• Genesis/Phil Collins. These two seem to run together-- I have difficulty keeping straight which songs Collins released as solo work and which were done with the band. But it seems like every year or so, there was a hit song from either Genesis or a solo tune from Collins. Favorites: Invisible Touch, Sussudio, Against All Odds, One More Night, That's All, Turn It On Again, Throwing It All Away.

  • The Cars. Another band that got its start in the 70s (noticing a theme?), these guys had sort of a funk/new wave sound to some of their stuff that played well as 80s pop. They were also quick to embrace creativity with music videos in the 80s, which lent them more success. Favorites: Just What I Needed, My Best Friend's Girl, Let's Go, Shake It Up, You Might Think, Magic, Hello Again.

  • Bryan Adams. Fresh from Canada, this guy was another who had a bunch of records with a couple of real hits from each. He had a clean-cut look and a good voice, which lent to his success. Favorites: Cuts Like a Knife, Run to You, Summer of '69, It's Only Love, Please Forgive Me.

  • Hall & Oates. What a great combination of 70s funk/R&B with early 80s pop-rock! These guys churned out the hits too-- every few months there was a new one on the radio. Favorites: She's Gone, Sara Smile, Rich Girl, You Make My Dreams Come True, Kiss on My List, Private Eyes, Family Man, Maneater, I Can't Go for That (No Can Do), Out of Touch.

  • John Cougar Mellencamp. Maybe the worst stage name ever for a rock musician, John "Cougar" broke into stardom with American Fool, which made honorable mention in my list on Tuesday. He has a rootsy, almost country sound (indeed, he sounds more country than a lot of country musicians today), reflecting his Indiana upbringing. Favorites: Jack and Diane, Crumblin' Down, Pink Houses, Authority Song, Lonely Ol' Night, Small Town, Rain on the Scarecrow, Rumbleseat, Paper in Fire, Check It Out, Wild Night, Our Country.

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Essential non-obvious 80s albums

My friend (and fellow pastor) Russell Smith pointed me to a post at the Evangelical Outpost where Joe Carter is reminiscing about his favorite (non-obvious) 80s music. Since I love 80s music perhaps above all else except folk, I bit.

Russell has a good addition to Joe's list (and those in the comments), though I disagree with him on a few points. Here are my picks for the essential non-obvious ones.

  • The Connells, Fun & Games. The first time I heard "Sal" I knew I was breaking through to a new dimension of music; in the midst of the Classic Rock, 80s pop, and semi-folk that I had grown up with, The Connells offered a freshness and creative spin on rock that was a welcome addition to my library (and to others to whom I introduced it). Favorite tracks: Sal, Motel, Hey Wow, Something to Say.

  • Indigo Girls, Indigo Girls. I thought I knew what contemporary folk music was (think: Jimmy Buffett and James Taylor) until I heard these two-- man, was I blown away! This was my true introduction to a love of modern folk that continues today. The 'Girls went on to produce many fine albums (and they're still at it), but the grit and honesty of this disc remains a great listen. Favorite tracks: Secure Yourself, Prince of Darkness, Tried to Be True, Love's Recovery, and, of course, Closer to Fine.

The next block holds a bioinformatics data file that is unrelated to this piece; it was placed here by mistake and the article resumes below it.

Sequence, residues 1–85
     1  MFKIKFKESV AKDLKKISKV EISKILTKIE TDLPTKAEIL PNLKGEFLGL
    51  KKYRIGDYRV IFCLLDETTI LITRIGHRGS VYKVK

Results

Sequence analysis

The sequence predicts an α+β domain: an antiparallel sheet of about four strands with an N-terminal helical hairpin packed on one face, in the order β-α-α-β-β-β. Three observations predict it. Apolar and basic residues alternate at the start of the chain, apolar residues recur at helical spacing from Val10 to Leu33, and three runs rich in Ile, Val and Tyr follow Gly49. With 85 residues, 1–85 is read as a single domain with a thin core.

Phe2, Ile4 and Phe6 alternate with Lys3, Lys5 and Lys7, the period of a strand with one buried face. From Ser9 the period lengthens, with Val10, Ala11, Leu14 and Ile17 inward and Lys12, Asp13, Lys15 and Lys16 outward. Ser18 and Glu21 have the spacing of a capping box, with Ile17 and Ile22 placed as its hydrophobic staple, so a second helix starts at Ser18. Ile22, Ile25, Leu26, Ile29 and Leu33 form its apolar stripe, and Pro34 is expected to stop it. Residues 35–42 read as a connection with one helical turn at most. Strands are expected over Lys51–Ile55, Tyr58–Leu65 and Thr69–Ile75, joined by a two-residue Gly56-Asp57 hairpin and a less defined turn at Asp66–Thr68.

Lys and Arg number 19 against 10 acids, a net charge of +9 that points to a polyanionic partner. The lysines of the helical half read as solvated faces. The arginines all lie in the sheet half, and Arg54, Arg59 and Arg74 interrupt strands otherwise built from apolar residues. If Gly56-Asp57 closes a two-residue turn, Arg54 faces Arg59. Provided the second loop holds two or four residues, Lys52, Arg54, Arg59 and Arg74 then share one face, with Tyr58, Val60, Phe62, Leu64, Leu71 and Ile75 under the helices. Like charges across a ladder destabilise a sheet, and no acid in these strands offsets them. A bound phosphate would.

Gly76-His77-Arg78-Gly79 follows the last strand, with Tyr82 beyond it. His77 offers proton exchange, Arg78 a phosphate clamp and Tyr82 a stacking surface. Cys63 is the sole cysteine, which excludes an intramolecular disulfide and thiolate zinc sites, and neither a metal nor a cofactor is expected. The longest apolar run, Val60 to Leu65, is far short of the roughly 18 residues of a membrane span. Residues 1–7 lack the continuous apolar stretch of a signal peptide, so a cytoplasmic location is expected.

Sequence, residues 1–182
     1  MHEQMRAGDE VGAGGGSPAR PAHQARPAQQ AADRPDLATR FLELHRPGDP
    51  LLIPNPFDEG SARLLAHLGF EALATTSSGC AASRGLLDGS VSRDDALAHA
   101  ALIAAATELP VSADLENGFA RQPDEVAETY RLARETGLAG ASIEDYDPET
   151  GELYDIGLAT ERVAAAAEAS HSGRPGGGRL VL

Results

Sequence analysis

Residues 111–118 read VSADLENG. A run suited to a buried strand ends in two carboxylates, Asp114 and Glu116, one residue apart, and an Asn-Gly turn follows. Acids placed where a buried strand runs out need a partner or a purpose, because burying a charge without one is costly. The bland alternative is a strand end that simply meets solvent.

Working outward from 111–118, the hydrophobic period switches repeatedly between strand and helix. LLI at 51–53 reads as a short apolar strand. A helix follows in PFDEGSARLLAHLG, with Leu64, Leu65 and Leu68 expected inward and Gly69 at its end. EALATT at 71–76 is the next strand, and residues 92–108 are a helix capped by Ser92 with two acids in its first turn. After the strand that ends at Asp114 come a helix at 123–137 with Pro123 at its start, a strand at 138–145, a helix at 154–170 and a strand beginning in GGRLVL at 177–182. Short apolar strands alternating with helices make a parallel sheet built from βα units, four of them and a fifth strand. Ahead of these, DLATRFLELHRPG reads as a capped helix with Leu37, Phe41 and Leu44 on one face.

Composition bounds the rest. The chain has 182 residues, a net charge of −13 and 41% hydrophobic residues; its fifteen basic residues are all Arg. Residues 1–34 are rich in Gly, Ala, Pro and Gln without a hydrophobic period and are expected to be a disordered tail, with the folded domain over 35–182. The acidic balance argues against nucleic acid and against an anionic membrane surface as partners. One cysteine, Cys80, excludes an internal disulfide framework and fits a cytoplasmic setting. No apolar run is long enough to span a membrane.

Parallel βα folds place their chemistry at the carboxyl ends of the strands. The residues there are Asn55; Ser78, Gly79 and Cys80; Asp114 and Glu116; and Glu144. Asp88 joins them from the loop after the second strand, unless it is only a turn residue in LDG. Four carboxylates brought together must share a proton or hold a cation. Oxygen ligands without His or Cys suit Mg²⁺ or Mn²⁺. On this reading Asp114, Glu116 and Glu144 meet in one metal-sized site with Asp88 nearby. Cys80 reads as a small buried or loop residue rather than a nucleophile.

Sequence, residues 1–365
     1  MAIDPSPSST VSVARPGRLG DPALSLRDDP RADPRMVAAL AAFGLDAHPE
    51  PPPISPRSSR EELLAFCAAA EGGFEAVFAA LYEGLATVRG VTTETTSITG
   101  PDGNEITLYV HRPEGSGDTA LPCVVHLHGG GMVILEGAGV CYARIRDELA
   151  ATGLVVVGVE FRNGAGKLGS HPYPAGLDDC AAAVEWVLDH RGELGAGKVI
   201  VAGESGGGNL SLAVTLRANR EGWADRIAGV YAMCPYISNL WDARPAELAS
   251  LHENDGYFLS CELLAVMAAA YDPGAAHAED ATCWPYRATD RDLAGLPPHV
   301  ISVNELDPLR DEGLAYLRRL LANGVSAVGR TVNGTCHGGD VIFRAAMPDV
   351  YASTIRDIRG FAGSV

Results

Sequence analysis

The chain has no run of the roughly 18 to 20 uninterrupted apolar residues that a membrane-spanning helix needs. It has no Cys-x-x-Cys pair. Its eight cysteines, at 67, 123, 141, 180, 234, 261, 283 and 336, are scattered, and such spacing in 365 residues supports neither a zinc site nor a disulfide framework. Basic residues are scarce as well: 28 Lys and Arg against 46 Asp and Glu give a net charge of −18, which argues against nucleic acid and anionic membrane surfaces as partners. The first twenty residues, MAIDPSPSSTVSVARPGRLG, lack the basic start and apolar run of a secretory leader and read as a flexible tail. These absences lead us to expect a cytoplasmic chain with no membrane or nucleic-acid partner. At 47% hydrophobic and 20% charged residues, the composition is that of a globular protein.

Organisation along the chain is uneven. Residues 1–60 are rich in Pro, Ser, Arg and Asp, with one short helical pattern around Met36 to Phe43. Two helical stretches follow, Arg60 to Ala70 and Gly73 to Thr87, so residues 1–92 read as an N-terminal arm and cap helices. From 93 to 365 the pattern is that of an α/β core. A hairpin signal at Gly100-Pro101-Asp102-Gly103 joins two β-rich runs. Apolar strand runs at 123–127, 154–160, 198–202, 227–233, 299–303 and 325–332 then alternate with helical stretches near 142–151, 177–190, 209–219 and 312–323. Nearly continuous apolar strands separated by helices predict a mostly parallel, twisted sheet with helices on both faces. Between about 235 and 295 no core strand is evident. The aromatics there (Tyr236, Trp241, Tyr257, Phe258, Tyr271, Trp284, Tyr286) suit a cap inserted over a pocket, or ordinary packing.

• Van Halen, 1984. Is this one obvious? It is to me-- but then I was a VH nut for a while. I don't think there is a better example of 80s rock (NOT pop) than side one of the 1984 tape. (Side two has a totally different feel to it, though also quite good.) Favorite tracks: Jump, Panama, Top Jimmy, I'll Wait.

  • Amy Grant, Lead Me On. I'll go with my friend Russell on this one. This was a huge album-- loaded with great songs that are still good today. Russell's summary of it's importance is all that needs to be said. Favorite tracks: Lead Me On, Saved by Love, If These Walls Could Speak, Faithless Heart.

  • Peter Gabriel, So. I'm with Joe Carter on this one (and the next). A great collection of music-- there's much more here than "Sledgehammer" and "Big Time," including the time-tested "In Your Eyes" and a handful of other great ones. Gabriel was the original creative force behind the band Genesis, and went on to a critically-successful career (if not always on the charts). Favorite tracks: In Your Eyes, Red Rain, Don't Give Up, Mercy Street.

  • Dire Straits, Brothers in Arms. Bought it for the amazing guitar intro on "Money for Nothing" and was quickly won over by the amazing breadth and depth on the rest of this disc (actually, I had it on tape). The other hit from this album, "Walk of Life," is also fun-- but there is a lot of good music to be found here. Favorite tracks: Walk of Life, Your Latest Trick, Brothers in Arms, Why Worry, So Far Away.

  • Paul Simon, Graceland. Chock-full of great music with a definitive African influence, this one re-established Paul Simon as a star for a new generation. Everyone knew "You Can Call Me Al" from the radio-- which is, admittedly, a very fun song. But if you want to get a great (and diverse) taste of good music, check out the rest of the disc. Still plays regularly at the Eubanks house. Favorite tracks: You Can Call Me Al, Graceland, Diamonds in the Soles of Her Shoes, Under African Skies, I Know What I Know.

  • U2, The Joshua Tree. This was the album that carried them from semi-obscure, slightly agitated activist rockers to mainstream, heir-to-The Police band of the late century and early 2000s. Who can forget this awesome disc? Favorite tracks: Where the Streets Have No Name, With or Without You, I Still Haven't Found What I'm Looking For, In God's Country.

  • The Police, Every Breath You Take: The Singles. Summing up an amazing career with numerous hit albums and singles, the was to be the culmination of their career. (They later released a few other collections.) Suffice to say, every song (or nearly so) on here is familiar to just about everyone my age, and this is a standby and staple when looking for some good 80s tunes. Favorite tracks: Can't Stand Looking You, Message in a Bottle, Walking on the Moon, King of Pain, Wrapped Around Your Finger.

  • Asia, Asia. This was another great one, with many fond memories (many of them of riding in Russell's Bronco II). Asia was a great band with an underlying sense of faith and belief. Favorite tracks: Heat of the Moment, Only Time Will Tell, One Step Closer, Wildest Dreams, Cutting It Fine, Here Comes the Feeling

Runners-up: The Hooters, Nervous Night; REM, Automatic for the People; Hank Williams, Jr., Greatest Hits; John Cougar (Mellencamp), American Fool; Genesis, Invisible Touch.